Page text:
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Real wages still on the rise

The general wage index rose month-on-month in September and is now up nearly 11% between years. Real wages have increased steadily since May, after having fallen for nearly a year. The labour market is still tight, and demand for labour is strong. With the market as tight as it is, this winter’s wage negotiations will probably be contentious.

The wage index rose 0.9% MoM in September, according to new figures from Statistics Iceland (SI). The index typically rises during the autumn, mainly because wage differentials and other premiums are generally higher than in the summer, when pay rates tend to reflect summer holidays and work by temporary employees. This also explains the difference between the general wage index and the so-called base wage index, which rose by 0.4% over the same period.

The YoY rise in the general wage index now measures 10.9%, broadly in line with the pattern seen in recent months. This steep increase is due mainly to last winter’s wage agreements, which delivered generous pay rises for large segments of the working population.

YoY real wage growth has turned a corner since May. From June 2022 through May 2023, high inflation eroded YoY gains in real wages almost without interruption, apart from this past December, when the above-mentioned private sector pay hikes kicked in.

But inflation has now subsided from the peak level recorded in February, fuelling handsome real wage gains in the past several months. YoY real wage growth measured 2.7% in September, for instance.

Wage increases broadly similar across worker groups …

The most recent itemised data on pay rises for various worker groups and sectors extend through July. Examining the index by worker group shows very similar wage rises from one group to another. In the past year, private sector wages have risen most, or by 11%, followed by municipal employees’ wages (10.4%) and then by State workers’ wages (10.2%).

Wage developments for the aforementioned three groups have changed markedly, as the chart indicates. From mid-2020 until the beginning of 2022, the private sector trailed the other two groups, and municipal employees’ wages rose the most. The difference between groups stems from the Living Standards Agreements signed in 2019, which provided for unit-based pay rises for the entire labour market and therefore granted the lowest-paid workers the largest proportional pay increases. Another contributing factor is the shortening of the work week, which affected public sector workers more than others.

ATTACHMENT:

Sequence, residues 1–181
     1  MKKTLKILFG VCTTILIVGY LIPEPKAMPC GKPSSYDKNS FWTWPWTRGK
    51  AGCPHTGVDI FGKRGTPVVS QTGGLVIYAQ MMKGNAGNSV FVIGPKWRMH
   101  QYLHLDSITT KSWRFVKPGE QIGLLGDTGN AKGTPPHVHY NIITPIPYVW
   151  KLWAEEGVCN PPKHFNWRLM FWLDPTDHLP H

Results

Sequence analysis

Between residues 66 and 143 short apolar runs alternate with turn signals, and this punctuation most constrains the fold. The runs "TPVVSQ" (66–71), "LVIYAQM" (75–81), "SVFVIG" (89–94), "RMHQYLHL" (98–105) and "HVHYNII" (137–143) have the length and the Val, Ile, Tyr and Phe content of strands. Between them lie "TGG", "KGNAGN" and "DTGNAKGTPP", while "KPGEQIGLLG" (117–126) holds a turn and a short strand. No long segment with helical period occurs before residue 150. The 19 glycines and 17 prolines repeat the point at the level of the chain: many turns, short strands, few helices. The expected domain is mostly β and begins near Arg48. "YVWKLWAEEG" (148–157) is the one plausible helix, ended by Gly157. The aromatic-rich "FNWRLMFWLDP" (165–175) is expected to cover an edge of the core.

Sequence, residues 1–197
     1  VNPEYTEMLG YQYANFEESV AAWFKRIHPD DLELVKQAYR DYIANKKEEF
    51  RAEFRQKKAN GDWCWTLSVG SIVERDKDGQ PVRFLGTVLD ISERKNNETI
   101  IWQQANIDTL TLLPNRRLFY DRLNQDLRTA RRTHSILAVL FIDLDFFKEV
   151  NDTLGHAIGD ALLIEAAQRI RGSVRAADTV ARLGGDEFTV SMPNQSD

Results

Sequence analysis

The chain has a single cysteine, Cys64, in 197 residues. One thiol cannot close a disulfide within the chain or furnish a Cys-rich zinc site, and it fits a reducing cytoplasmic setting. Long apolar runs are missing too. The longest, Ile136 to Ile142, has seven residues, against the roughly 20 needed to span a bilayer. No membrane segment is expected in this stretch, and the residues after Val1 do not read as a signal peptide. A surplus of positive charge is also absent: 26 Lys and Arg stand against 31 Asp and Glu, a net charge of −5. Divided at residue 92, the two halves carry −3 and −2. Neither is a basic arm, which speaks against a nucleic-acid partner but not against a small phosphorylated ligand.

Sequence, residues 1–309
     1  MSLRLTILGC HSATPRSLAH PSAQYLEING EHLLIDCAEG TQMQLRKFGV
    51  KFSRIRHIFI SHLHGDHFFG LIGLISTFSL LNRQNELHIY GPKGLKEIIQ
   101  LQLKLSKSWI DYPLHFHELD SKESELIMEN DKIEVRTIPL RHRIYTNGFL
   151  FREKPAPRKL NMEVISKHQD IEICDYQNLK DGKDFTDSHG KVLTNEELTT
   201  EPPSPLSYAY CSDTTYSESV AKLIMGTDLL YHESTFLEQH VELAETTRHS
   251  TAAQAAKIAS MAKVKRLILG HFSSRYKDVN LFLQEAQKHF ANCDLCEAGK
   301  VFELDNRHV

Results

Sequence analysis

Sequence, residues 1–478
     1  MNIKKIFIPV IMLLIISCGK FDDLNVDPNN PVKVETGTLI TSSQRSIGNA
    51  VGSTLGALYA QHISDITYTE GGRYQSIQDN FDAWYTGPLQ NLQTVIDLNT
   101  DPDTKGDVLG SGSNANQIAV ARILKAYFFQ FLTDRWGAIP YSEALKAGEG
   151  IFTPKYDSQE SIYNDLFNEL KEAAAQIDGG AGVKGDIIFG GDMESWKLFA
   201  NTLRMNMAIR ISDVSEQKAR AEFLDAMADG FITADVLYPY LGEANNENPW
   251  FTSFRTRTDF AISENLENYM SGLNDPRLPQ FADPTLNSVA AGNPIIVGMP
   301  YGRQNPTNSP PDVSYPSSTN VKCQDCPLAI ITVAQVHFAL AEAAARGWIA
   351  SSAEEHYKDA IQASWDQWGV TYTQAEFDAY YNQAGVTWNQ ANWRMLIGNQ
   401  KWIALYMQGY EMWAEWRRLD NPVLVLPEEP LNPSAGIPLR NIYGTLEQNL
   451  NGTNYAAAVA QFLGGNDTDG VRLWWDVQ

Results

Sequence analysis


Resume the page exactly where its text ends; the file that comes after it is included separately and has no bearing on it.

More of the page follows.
Naturally, focusing solely on twelve-month pay increases can give a distorted view of reality, and it is better to zoom out and examine longer periods of time. Since the beginning of 2019, municipal employees’ wages have risen the most, or by nearly 50%, followed by private sector wages (40%) and then State employees’ wages (38%).

… and economic sectors

In the past year, private sector wage rises have been similar from one sector to another. Wages in the transit and storage sector have increased the most (12.8%), followed by the hospitality industry (12.6%) and the construction industry (11.6%).

Since the beginning of 2019, wages have risen by far the most in the hospitality sector (53%), followed by the utilities sector (42%), while pay in the financial and insurance sector has risen the least (30%).

Labour market still tight

The labour market is still tight, and demand for labour is strong. Demand has been satisfied with foreign workers, who now constitute about one-fourth of the labour force. The tight labour market has caused unemployment to fall rapidly, to an average of 3.0% in September.

Labour demand still appears quite strong, according to the Gallup survey of Iceland’s 400 largest firms, conducted for Central Bank and the Confederation of Icelandic Employers. In September, 40% of executives surveyed reported worker shortages. Although this is well below the mid-2022 peak of 56%, it is very high in historical terms. In the manufacturing sector (58%) and in construction and utilities (56%), the need for workers is greatest in the autumn. But demand for labour can fluctuate widely from one season to another, as can be seen in the urgent need for workers during the peak tourist season.

Given how tight the labour market is at present, the outlook for the coming term is quite uncertain. The wage agreements landed early in 2023 were short-term contracts, and the next round of negotiations is rapidly approaching. In our new macroeconomic forecast, we project that nominal wages will rise by 9.3% this year, bumping real wages up by 0.6% This is a smaller YoY change than is indicated by current measurements, as the private sector contracts were signed at the end of last year, so that measurement will be grouped with 2022 data.

For the next two years, we expect fairly generous pay rises as well: nearly 8% in 2024 and around 6% in 2025. This, together with declining inflation, translates to a real wage growth rate of 2.3% per year in 2024 and 2025.


Bergthora Baldursdottir